11. 11. Winterberry holly (Ilex verticillata ‘Winter Red’) – 6-10’ in height, similar spread; prefers moist, acid soil; sun to part shade; attractive yellow to red fall color; excellent winter berry appeal (N) Virginia sweetspire (Itea virginica) –ProblemWinged burning 3-5’ shrub with arching branches forming colonies; white fragrant flowers and last- ing garnet red fall color; tolerates wet and bush Euonymus alatus dry conditions (N) Smooth sumac (Rhus glabra) – 9-15’ Winged burning bush (Euonymus suckering shrub; great for large areas butalatus) originated in Asia and Japan and is too aggressive for a small garden; orange-planted for its brilliant red fall color, dark red-purple fall color with persistent scarletgreen summer leaves and winged stems. fruit; tolerates dry conditions (N)It has been used as a medium-sized (5- Highbush blueberry (Vaccinium10’) shrub in the landscape. It spreads corymbosum) – 6-12’ upright shrub; whiteprimarily by bird dispersal of seeds so its urn-shaped flowers, blue fruit and bril-impact can be far-reaching. There are liant red fall color; tolerates wet soil con-portions of woodlands in Delaware with ditions; has all the attributes of burningan entirely red autumn understory due to bush plus white flowers and edible fruit!the dominance of burning bush. (N) Maple leaf viburnum (Viburnum acer-SolutionAlternative moderate sizedshrubs include: ifolium) – 4-6’ low branching shrub that forms thickets; pink, rose to purple fall color; tolerates dry soil and shade (N) Arrowwood viburnum (Viburnum Red and black chokeberry (Aronia dentatum) – 6-8’ dense, multi-stemmedarbutifolia ‘Brilliantissima’ and Aronia shrub; good rosy pink to red fall colormelonocarpa) – 6-10’ upright shrub with (N)white flowers and red or black berries; Winterthur viburnum (Viburnumnaturalizing habit; brilliant red fall color; nudum ‘Winterthur’) – 6’ shrub with atolerates wet, dry and urban conditions (N) suckering rounded habit; white flowers Red twig dogwood (Cornus sericea) – and excellent purple fall color that persists7 to 9 foot multi-stemmed shrub with red throughout the fall; tolerates wet soil (N)stems in winter; tolerates wet conditions(N) Dwarf fothergilla (Fothergillagardenii) – 3-6’ rounded shrub with whitefragrant flowers and great yellow, orangeand scarlet fall color 12
  12. 12. Winterberry holly Dwarf fothergilla leavesRed twig dogwood Dwarf fothergila flower Smooth Sumac 13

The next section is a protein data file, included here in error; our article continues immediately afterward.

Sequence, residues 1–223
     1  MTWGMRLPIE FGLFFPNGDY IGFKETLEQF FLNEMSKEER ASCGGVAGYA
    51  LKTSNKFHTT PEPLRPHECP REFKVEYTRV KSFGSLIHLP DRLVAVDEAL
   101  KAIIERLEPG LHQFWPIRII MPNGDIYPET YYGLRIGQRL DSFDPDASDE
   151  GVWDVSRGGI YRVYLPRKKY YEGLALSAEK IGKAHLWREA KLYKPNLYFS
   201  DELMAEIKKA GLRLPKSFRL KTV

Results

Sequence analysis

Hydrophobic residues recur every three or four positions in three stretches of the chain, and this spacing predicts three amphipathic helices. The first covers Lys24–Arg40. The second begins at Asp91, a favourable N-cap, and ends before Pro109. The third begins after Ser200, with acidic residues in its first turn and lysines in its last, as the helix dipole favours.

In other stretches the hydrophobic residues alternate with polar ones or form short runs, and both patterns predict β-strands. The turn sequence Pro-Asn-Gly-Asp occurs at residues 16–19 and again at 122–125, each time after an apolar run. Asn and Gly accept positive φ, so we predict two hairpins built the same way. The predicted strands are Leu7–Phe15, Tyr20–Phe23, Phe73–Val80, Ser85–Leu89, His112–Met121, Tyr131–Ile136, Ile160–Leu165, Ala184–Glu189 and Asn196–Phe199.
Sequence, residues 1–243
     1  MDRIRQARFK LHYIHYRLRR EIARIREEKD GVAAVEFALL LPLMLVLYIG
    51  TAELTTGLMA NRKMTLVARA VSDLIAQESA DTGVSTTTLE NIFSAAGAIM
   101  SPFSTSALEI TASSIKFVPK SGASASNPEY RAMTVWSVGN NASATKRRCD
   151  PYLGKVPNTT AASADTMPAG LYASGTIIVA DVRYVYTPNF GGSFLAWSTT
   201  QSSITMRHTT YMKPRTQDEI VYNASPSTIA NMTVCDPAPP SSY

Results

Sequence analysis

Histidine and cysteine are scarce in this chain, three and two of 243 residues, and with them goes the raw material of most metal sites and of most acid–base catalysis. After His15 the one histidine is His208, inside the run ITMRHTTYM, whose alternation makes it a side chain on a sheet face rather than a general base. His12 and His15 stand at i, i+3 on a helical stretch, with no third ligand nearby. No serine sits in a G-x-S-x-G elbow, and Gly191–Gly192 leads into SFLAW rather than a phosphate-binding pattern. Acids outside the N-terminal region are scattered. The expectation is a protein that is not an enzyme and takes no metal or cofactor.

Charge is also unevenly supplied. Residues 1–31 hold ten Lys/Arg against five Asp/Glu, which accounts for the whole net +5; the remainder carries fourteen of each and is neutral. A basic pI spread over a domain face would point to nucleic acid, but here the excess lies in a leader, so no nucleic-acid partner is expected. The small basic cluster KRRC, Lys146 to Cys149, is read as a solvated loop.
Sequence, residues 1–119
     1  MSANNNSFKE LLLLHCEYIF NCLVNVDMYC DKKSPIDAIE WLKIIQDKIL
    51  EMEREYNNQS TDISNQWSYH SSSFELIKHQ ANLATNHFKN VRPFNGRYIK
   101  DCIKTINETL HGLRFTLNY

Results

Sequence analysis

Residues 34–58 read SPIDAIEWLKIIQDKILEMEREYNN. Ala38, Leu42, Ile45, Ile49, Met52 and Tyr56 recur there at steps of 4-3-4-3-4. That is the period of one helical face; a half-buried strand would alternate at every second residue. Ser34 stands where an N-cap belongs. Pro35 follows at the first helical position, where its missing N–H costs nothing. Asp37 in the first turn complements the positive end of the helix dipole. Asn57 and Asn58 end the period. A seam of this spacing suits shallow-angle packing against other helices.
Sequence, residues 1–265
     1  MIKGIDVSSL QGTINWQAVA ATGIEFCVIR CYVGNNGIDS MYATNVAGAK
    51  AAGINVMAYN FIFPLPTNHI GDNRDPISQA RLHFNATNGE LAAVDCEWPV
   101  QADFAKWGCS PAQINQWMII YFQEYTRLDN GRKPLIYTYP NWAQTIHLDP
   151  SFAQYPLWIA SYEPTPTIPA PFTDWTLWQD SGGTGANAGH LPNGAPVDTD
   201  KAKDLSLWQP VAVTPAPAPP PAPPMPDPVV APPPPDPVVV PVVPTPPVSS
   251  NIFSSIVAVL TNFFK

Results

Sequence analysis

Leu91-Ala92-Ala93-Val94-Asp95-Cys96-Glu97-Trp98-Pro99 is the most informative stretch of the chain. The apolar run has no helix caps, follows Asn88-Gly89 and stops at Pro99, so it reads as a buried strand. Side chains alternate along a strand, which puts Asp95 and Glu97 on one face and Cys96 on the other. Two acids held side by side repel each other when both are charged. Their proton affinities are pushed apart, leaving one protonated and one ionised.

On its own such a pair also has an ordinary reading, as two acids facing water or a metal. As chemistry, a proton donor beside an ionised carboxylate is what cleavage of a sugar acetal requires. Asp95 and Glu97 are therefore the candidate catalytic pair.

13. 13. Red or black chokeberry (Aronia arbutifolia ‘Brilliantissima’ and Aronia melanocarpa) – 6-10’ upright shrub with white flowers and red or black berries; upright, naturalizing habit; brilliant red fall color; tolerates wet, dry and urbanProblemPrivet conditions (N) Forsythia (Forsythia x intermedia) – 8- 10’ arching shrub; more attractive withLigustrum species naturalistic habit but can be pruned into a hedge; grown for yellow flowers in early Privet, including border, European, spring; tolerates tough conditionsChinese, and Japanese (Ligustrum Inkberry (Ilex glabra) - upright ever-obtusifolium, L. vulgare, L. sinense, green shrub growing 6-8’ tall; good cleanL. japonicum) were introduced to the dark green leaf; makes a good foundation,United States as garden plants through the hedge or mass; quite shade tolerant and18th, 19th and 20th centuries and are grows in sun with ample moisture (N)widely used as hedges. White flowers and Bayberry (Myrica pensylvanica) - 5-12’black berries are debatably ornamental. tall upright rounded shrub, can suckerBerries are dispersed by birds and other and form colonies; leathery leaves arewildlife. Chemicals in the leaves protect semi-evergreen and aromatic; great forthe plant from insects. Border privet is massing or borders; tolerates sun to par-the most commonly documented escapee tial shade, dry to wet soil and salt (N)in Delaware, but all four species have Blackhaw viburnum (Viburnuminvasive potential and have spread into prunifolium) - 12-18’ tall, considered afloodplains, forests, wetlands and fields multi-stemmed shrub to small tree;throughout the eastern U. S. It forms handsome clean foliage in summer withdense thickets and out-competes native pinkish red to bronze fall color; useful forvegetation. massing and shrub border as well as specimen planting; sun or shade andSolutionAlternatives for privet include: tolerates dry soil (N) Eastern ninebark (Physocarpus opuli- folius ‘Diablo’) - 5-9’ tall spreading, Glossy abelia (Abelia x grandifolia) - upright shrub, interesting exfoliating3-6’ rounded, dense spreading multi- bark; white flat-topped flower clusters instemmed shrub with arching branches; late spring; highly adaptable to difficultfine textured, lustrous dark green to urban conditions; Diablo cultivar haspurple-bronze, semi-evergreen foliage; attractive deep burgundy colored leaveswhite-pink persistent flowers late spring (N)until frost 14